If you’re visiting Morocco’s fascinating city of Marrakesh and your stomach is already rumbling at the thought of delicious Moroccan food, there’s one dish you definitely shouldn’t miss: tanjia. Local to Marrakesh, it can be difficult to find tanjia elsewhere around the country. Here are the basics you need to know.
What is a tanjia?
Don’t confuse tanjia with tajine, the famous dish enjoyed all around Morocco. Tanjia and tajine are completely different. The one similarity these two meals have in common, however, is that they both get their names from the pots they are cooked in. A tanjia pot is a tall, jug-like clay pot that closely resembles a Greek urn.
Main ingredients of tanjia
Tanjia is a meat-lover’s dream! Beef is the most commonly used meat today, but lamb and chicken may also be used. In times gone by, camel was sometimes cooked in a tanjia. When prepared in the traditional manner, tanjia has a distinct lack of vegetables. The rich flavor comes from the addition of various herbs, spices, and preserved fruits, such as garlic, saffron, cumin, salted lemon, and turmeric. A drop of water, a splash of olive oil, and a dollop of smen (an oily, salty type of butter, similar to ghee) is all that’s left before setting a tanjia to cook.
모로코 마라케시에서 이틀 동안 가이드를 해주신 현지분이 직접 beef tangia(약 3시간가량 약한불에 익힘)를 요리해주셨다. 장소는 가구점 사장님이 가구점 한 구석에 마련해주셨다. 👍👍 . . #탄지아 #가정식 #모로칸음식 #soukmedina #soukmedinamarrakech #marrakech #마라케시 #모로코 #먹방 #먹스타그램 #맛스타그램 #소화제 #까스활 #까스활명수 #부채표 #동화약품 #dongwhapharm #beef #tangia #morrocan #food #foodie #foodporn #foodlover #foodgram #foodstagram #foodpic #inbohoneymoon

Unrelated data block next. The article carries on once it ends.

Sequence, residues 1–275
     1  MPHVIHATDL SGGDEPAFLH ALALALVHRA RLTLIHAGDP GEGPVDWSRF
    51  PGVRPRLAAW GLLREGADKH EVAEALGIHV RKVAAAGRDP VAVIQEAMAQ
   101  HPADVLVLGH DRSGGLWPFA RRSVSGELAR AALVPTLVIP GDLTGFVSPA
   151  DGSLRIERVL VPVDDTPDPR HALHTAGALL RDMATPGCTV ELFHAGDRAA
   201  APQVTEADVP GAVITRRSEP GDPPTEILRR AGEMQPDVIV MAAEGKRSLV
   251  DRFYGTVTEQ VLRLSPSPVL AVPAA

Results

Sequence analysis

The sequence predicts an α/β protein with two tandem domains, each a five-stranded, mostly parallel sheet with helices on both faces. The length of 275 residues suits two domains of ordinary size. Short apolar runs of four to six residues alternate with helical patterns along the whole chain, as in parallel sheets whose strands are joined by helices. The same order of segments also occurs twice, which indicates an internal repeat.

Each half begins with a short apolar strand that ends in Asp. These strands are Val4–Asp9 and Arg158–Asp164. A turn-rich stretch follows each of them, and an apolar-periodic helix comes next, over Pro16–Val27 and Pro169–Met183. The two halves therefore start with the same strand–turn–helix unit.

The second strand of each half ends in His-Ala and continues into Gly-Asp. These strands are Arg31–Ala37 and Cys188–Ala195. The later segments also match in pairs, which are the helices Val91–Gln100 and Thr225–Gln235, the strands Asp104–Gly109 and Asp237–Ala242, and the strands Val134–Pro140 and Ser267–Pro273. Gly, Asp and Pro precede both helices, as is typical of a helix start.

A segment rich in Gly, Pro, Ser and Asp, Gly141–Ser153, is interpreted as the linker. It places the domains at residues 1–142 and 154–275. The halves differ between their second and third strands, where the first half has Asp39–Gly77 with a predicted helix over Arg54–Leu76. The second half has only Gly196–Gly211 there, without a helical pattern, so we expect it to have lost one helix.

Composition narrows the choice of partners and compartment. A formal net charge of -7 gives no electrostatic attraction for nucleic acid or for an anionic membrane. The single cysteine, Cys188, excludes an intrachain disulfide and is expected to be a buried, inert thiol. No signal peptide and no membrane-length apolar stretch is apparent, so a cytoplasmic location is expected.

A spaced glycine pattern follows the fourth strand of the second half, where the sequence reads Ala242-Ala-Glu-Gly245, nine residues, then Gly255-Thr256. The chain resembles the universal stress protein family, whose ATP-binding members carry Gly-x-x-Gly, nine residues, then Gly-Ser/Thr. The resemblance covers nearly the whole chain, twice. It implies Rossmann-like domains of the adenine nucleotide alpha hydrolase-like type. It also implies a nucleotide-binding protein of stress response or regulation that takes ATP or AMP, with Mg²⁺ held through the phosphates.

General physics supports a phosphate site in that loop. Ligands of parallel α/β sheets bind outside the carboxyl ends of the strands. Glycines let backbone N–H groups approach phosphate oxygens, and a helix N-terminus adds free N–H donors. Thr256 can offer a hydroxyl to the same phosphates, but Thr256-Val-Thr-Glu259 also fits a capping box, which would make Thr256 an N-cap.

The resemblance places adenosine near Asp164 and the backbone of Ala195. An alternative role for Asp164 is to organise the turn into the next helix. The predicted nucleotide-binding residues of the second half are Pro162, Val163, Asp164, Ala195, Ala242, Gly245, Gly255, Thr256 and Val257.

Origins of tanjia
Tanjia is a very male-oriented dish. Indeed, it’s often referred to as the bachelor’s dish because of its strong associations with men. Even today, it is usually the men of a family that make tanjia.
Tanjia has strong connections with Marrakech’s huge souks and trading heritage. In the past, men who worked in the souks would have Fridays free. To enjoy their free time, they would often head to the city’s parks with fellow souk traders to chat, relax, and enjoy a picnic. The main part of the picnic was the easy-to-make tanjia. The basic ingredients and simple cooking method meant that men, used to women taking care of most cooking duties, could prepare the meal with ease.
Homemade Tangia Marrakchia 🐞 Yum ! Do you know this traditional way to cook meat during at least 4/5 hours inside an earthen jar ? We’ll it is perfectly delicious and if you’re in Morocco do not forget to taste it 🌴 #homemadefood #realfoodlover #farmlifestyle #farmlife #realfood #tangia #marrakech #maroc #morocco #2016 #yummy #yum #marrakechfoodtour #instafood #instayum #holiday #endoftheyear #sunnyday A post shared by A d j i l a B. (@adjilabenlolo) on
Traditional methods of cooking tanjia
The men didn’t even need to light their own fire to cook tanjia – they simply took their filled pot, which was taken care of by the local butcher, to the hammam! Burning coals heat the hammam’s water. The tanjia pots were handed over to the bathhouse workers to be cooked in the hot embers and ash for at least a few hours. Typically, men would take their tanjias to the hammam on a Thursday evening, ready to collect on Friday morning after it had been cooking slowly overnight. There really was minimal effort involved.
This man is cooking the traditional #Tangia dish while overseeing the fire that fuels one of the oldest hamman spas in #marrakech A post shared by Ivan Sidorjak (@sidorjak) on
Today, visitors to Marrakesh can order tanjia at several restaurants and stalls around the city. They are cooked in advance. Alternatively, for an authentic Marrakshi experience, rent a tanjia from a neighbourhood butcher. The butcher will prepare the meat and spices in the pot before tightly tying a paper lid over the top. You can then head to the nearest public hammam, your tanjia pot in hand, and pay for it to be cooked in the furnace. Simply collect your pot later on, untie the lid, serve, and enjoy with bread and a glass of mint tea.